Remember the Art Linkletter show and later hosted by Bill Cosby, “Kids Say the Darnedest Things.” The host would ask the little children big questions, trying to get their perspective on grown up type things. The children would be asked about current events, marriage, people, pop culture, and more. The children would give their insight. It was always amusing and humorous to hear their thoughts and how they process the world around them.
I have been asked several times lately how Carter and Luke handle Brayden’s circumstances. I am not always sure how much they understand or how much we should explain to them. They love him and treat him like their brother that needs special help. They know all about the feeding tubes, seizures and can recognize them, the vomiting, mommy doing laundry because of the vomiting, the KidKart, they know all the therapists by name and most doctors.
Have are a few glimpses of the way their little minds are trying to understand:
Carter (at the time was 5 years old) and his friend were in the house playing. The little boy asked Carter, “How old is your brother?” Carter said, “He is one.” The little boy replied, “My cousin is one and he can walk.” Carter casually said, “He isn’t walking ‘cause he is missing a bone inside his head.” The little boy exclaimed with excitement, as if they discovered a dinosaur bone, “Really!?” Carter said, “Yep!” And they were off the play.
Luke (our 3 year old) has always been curious about Brayden’s eating habits. Probably to detract attention from his bad eating (he prefers to make the dinner, rather than eat). When Brayden came home after getting his first feeding tube, Luke was all about it. He immediately remembered it was called a Mic-Key button because at the time he liked watching Mickey Mouse. Now that Brayden has the G-J tube, Luke remembers the J-tube because J is for Jenkins. Just last week a friend was passing us in the halls of Luke’s preschool and asked how Brayden was doing. Luke answered before I could, “Brayden has a J-tube now, not a Mickey button.” The person just smiled and nodded not sure what to make of Luke’s assessment. Luke knew more medical terms than this adult.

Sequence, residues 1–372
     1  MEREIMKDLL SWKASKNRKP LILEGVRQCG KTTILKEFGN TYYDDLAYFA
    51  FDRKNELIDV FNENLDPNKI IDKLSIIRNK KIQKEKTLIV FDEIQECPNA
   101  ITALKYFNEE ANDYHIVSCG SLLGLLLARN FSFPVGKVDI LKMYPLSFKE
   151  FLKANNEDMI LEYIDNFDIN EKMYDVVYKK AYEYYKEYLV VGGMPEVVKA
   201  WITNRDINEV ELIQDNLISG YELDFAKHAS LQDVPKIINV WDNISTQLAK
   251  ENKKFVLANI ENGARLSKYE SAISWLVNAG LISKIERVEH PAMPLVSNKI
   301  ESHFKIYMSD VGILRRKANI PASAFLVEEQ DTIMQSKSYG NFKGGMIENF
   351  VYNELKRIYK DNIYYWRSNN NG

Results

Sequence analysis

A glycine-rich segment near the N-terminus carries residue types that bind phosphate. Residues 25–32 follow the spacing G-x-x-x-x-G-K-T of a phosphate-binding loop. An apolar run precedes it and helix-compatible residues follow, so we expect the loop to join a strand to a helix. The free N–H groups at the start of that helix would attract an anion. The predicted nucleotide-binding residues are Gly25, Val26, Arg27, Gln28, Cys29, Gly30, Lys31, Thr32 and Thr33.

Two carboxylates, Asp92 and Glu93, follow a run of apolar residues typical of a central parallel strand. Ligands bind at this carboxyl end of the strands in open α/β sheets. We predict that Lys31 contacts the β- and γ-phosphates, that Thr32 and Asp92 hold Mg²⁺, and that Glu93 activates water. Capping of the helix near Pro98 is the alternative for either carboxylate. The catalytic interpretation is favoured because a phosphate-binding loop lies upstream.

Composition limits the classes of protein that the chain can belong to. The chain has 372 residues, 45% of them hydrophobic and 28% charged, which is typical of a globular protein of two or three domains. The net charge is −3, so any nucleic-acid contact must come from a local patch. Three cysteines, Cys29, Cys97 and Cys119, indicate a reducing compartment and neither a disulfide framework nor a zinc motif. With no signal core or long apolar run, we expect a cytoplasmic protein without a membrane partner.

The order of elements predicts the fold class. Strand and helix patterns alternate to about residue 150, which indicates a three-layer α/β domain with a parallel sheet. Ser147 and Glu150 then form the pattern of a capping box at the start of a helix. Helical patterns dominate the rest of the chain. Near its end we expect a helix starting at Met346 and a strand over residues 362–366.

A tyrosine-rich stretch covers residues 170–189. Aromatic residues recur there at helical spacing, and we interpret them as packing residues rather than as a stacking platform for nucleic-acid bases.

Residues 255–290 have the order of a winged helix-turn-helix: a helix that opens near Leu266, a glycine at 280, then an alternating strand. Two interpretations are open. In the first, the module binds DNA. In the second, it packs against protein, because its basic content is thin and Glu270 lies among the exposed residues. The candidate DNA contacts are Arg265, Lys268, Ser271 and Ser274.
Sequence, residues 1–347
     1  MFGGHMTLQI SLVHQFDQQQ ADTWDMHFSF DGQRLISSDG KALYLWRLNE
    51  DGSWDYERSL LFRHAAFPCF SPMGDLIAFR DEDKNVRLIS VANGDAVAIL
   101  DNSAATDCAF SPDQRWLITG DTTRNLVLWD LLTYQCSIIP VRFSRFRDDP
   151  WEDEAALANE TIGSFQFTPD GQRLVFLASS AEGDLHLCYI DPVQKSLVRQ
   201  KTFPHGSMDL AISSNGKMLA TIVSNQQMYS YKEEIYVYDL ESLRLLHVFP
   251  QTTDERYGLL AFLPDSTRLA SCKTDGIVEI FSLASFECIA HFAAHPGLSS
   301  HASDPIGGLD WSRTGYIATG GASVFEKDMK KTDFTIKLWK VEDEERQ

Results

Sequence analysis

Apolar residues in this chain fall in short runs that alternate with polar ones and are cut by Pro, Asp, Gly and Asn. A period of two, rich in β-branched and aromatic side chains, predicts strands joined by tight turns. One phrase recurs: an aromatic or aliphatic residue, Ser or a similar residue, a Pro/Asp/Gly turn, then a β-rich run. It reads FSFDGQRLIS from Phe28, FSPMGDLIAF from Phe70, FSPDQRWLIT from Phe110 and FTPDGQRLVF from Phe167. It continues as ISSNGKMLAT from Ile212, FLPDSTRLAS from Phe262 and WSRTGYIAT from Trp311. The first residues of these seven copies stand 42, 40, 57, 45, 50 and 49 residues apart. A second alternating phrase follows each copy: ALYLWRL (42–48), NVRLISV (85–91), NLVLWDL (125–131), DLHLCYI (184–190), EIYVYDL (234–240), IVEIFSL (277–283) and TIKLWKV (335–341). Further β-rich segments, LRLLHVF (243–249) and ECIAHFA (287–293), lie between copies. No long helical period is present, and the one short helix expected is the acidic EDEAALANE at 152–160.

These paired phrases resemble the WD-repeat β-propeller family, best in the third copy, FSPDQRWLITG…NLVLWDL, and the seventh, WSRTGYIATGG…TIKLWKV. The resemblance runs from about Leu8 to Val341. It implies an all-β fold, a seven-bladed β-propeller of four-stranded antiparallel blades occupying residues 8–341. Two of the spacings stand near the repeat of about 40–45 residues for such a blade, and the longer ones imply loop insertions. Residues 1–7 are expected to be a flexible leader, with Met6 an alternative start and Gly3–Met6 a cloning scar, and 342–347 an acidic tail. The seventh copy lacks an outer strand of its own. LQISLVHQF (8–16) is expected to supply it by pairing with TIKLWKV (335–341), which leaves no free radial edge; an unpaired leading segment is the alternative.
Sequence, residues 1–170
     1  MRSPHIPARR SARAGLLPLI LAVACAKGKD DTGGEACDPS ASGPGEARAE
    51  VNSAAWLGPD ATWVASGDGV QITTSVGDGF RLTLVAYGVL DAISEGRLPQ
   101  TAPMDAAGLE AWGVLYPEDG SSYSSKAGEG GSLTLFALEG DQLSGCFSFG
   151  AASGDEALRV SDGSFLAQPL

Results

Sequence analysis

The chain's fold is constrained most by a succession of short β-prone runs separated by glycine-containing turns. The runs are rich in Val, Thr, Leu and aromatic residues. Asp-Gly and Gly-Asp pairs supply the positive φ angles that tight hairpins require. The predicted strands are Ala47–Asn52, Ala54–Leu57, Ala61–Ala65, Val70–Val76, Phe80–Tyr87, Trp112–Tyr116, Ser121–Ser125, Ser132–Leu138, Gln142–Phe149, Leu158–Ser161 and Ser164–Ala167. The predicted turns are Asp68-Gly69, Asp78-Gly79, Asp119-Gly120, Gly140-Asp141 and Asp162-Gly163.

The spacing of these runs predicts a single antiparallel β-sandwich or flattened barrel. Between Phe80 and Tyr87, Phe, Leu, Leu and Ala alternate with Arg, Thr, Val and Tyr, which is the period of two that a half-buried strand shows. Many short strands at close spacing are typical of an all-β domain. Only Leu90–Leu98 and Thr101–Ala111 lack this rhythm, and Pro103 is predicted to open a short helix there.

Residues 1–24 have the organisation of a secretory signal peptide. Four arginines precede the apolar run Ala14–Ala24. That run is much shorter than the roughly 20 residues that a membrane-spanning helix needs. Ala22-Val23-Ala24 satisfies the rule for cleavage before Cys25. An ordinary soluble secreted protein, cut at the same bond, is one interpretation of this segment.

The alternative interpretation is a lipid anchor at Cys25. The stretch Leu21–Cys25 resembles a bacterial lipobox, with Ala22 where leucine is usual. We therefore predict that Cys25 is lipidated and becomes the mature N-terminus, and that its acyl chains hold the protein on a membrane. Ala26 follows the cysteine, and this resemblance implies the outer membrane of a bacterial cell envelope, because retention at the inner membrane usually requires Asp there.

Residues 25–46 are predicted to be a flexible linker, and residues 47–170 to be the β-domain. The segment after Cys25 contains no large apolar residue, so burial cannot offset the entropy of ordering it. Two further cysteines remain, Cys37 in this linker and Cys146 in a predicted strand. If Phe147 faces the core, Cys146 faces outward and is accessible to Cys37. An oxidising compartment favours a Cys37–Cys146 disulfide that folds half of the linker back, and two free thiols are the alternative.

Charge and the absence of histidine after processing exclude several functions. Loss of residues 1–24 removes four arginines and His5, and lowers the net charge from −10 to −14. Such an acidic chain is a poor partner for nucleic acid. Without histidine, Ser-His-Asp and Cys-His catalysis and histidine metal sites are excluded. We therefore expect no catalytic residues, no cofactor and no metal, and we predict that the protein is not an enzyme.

Carter loves Brayden and seems as thought the two of them have their own conversations. Of course Brayden is so agreeable and likes the same things Carter likes (according to Carter). Carter just calls him “my buddy.” Today in the car, "Buddy this is your favorite song, just like me."
Luke is just starting to process everything going on. Carter understands most of the circumstances. Luke says things in passing, not really to anyone in particular. Last week, he passed Brayden and announced, “Brayden, you not walk yet but Brookie (Brooklyn, the boys’ cousin who is the same age as Brayden) can walk.”
Carter is protective of both his little brothers. When it comes to Brayden, Carter is quick to tell someone to be gentle or watch out for his feeding tube. Carter’s explanation of the feeding is interesting, especially when explained to his friends… “He has a thing that puts the stuff right into his belly. You have to be careful when he is eating.” The children look so perplexed by Carter’s explanation.
Luke’s preschool has been having Safety week, with visits from the local fire department and EMTs. We were pulling away from school and Luke declared, “Ambulances came to school today not the house this time!” We have only had to call 911 two times, both happened this summer.
The first time we call 911, Carter was listening as we discussed the plan to call for an ambulance. As we hung up the phone he came running into the room and was very upset and agitated. “Mommy, you cannot call 911 unless the house is burning. The house is not burning!”
Kids say the darnedest things.